Today, imagine you work in a place where you manage lost or forgotten items. What might you find in the pile? For those participating in our serial challenge, reflect on the theme of “lost and found,” too.
On day four, you wrote about losing something. On day thirteen, you then wrote about finding something. So, today’s twist: If you’d like to continue our serial challenge, also reflect on the theme of “lost and found” more generally in this post.
Since my last two serial killer challenges resolved around food, I better stick with that theme. Abstractly, as the narrator (and Mr Jones) of this story, I will manage the Lost and Found office, but physically that will be someone else. What can I say, I like to be difficult.
Mr Norman Aloysius Pennyweather the Third.
In a small room, at the end of a long white and clean corridor, behind a closed brown door is a small, sad little man. Before we speak of this miserly, oafish and unintelligent man let us take a moment to consider this door. It’s not a new door, or even a nearly new door, but a very old door, which doesn’t fit into the well-kept lines of the corridor. Paint peals from its corners and faded letters only just visible read, Lost and Found. Directly under the letters is a sign stating, Finder’s Keeper’s.
As we enter the room with old nicotine yellowed paint peeling from the walls, we see a Mr Norman Aloysius Pennyweather the Third, Norm to his friends, if he had any and Mr Pennyweather to everyone else. Pennyweather has his back to the door, between him and us is a long wooden bench, dark oak and fleshly polished the one cared for piece furniture in the office, sunlight for a single small window at roof level reflects on it’s top. Pennyweather, rake thin and wearing a well-faded black suit discoloured at the elbows lifts his hand and smoothes the last visage of hair across his scalp. Lord of all he sees, none command or demand within his domain and today is his last day.
Hands resting lightly on the edge of a pink box, Pennyweather with a cruel and greedy smile upon his face mutters to the room, “it’s my last day, why shouldn’t I have them. It’s only right, I’ve worked here 40 years,” and with that his hands lift the lid of the box and dive to its contents. A storm of dough, sugar, chocolate and icing fills the area around Pennyweather. Cakery limbs rain down over the tabletop and ruby red jam spills over its surface, like the lifeblood of a jam filled warrior.
Silent and unable to take one more bite, Pennyweather’s hand rests over the last donut, a single survivor of the Pennyweather massacre. He turns and sinks to the floor. Sugar and cream filling drip from his fingers, mouth, powder sugar, cover his suit jacket and shirt. Eyes closed, knees drawn up to his chest, Pennyweather twitches and shutters at the sweet sugar release, made even more joyous by there procurement. Swarms of fairies dance over candy rainbows, beneath chocolate rivers as Pennyweather glories in his delirium.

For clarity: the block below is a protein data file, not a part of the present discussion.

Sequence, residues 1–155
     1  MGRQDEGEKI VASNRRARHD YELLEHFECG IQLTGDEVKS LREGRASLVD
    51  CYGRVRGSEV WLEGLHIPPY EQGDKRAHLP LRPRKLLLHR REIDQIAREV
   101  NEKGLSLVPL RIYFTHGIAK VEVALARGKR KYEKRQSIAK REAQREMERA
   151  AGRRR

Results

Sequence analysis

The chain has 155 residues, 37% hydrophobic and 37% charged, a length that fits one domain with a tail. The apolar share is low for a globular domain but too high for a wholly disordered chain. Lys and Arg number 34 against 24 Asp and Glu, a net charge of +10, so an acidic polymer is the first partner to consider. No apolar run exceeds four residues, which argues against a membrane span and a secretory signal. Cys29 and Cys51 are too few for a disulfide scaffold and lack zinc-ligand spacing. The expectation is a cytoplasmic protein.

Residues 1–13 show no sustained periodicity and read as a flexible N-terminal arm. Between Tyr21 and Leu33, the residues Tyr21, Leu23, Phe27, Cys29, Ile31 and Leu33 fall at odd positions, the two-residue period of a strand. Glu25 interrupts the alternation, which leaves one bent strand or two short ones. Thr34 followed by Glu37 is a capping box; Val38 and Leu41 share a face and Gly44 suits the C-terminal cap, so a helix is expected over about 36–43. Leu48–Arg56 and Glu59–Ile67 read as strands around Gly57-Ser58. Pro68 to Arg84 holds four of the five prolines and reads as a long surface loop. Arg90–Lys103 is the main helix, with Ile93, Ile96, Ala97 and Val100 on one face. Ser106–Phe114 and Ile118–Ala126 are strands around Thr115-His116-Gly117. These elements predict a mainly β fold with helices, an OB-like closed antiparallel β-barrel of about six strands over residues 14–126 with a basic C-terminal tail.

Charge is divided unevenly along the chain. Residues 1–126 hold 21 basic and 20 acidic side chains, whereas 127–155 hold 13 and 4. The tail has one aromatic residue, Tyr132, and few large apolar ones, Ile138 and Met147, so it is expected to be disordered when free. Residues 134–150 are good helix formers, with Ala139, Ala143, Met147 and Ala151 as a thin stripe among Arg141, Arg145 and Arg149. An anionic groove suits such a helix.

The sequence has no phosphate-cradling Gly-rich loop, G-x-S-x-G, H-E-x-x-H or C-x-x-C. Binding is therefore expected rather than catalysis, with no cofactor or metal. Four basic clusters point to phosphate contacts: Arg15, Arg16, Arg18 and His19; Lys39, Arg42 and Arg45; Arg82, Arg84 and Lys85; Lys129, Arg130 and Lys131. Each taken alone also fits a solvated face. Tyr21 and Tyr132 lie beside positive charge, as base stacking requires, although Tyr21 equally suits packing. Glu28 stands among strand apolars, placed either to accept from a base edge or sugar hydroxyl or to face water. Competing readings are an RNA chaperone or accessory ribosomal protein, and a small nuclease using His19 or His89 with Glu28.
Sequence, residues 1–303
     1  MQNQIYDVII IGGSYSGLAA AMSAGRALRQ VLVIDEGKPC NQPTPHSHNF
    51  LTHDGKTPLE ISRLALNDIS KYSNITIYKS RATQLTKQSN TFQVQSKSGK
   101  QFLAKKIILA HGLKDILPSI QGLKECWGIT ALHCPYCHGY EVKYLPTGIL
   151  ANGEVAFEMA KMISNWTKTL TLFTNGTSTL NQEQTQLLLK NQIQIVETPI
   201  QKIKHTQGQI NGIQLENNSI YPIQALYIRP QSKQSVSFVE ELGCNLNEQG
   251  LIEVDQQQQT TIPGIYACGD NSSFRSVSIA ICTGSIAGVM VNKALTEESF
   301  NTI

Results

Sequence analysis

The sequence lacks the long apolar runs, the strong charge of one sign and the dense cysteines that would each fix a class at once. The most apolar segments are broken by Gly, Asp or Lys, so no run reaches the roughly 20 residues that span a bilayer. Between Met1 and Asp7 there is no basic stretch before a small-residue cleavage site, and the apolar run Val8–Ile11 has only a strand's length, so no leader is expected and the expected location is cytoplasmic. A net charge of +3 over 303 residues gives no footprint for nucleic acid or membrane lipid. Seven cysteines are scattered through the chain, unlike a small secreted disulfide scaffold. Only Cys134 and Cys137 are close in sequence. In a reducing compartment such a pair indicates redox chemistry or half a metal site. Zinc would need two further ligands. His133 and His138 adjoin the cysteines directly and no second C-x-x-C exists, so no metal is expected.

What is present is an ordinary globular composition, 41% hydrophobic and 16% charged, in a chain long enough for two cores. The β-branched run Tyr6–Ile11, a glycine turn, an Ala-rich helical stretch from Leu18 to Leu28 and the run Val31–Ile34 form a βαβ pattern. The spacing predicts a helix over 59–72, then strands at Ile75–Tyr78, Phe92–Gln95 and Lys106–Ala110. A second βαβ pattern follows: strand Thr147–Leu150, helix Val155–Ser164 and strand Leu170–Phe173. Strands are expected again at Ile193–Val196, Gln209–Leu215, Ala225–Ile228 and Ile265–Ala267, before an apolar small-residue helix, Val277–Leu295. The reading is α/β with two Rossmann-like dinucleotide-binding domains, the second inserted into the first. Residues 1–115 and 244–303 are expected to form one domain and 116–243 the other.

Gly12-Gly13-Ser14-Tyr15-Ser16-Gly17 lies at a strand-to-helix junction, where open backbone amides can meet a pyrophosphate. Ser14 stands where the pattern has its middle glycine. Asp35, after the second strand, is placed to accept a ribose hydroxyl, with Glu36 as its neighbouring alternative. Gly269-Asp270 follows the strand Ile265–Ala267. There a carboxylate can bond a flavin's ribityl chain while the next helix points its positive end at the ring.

Suddenly, a large cough breaks Pennyweather from his revelry. Mr Jones looks down at him in disgust, a crime scene of icing, dough and chocolate, legs twitching for his sugar lust. Barely able to contain his distaste Mr Jones asks, “Mr Pennyweather, I was coming to see if a box of donuts for Jennifer’s baby shower has been found, but I can see or at least ascertain they were found and then lost again. Would you like to explain?”
Much as you can expect, Mr Pennyweather’s voice is quite nasal and dry, every other word preceded with a hacking from the back of his throat, “It’s my last day, and I wasn’t invited to any baby shower.” Pulling himself up from the floor, Pennyweather stands to his hunched height of 5’5″ and puffs his waif like chest out to his fullest, “I found them, so finder’s keeper’s, just as the sign says. Anyway, there’s one left if you want that, ” Pennyweather reaches into the box with his sticky sweet fingers, lifts the last donut from the box and pass it to Mr Jones. Jones looks at Pennyweather, a chronic complainer, nuisance and all-round buzz kill, weighs up the cost of a dozen donuts and having Pennyweather complain about paying for another box and deemed it a cost worth knowing today is his last day.
My Jones, smiles at Pennyweather turns without speaking and walks out of the Lost and Found office and with great satisfaction knowing he will never see Pennyweather again, closes the not even nearly new brown door. Whistling a merry tune Mr Jones walks down his clean white corridor secure in the knowledge, you can always repaint a brown door white.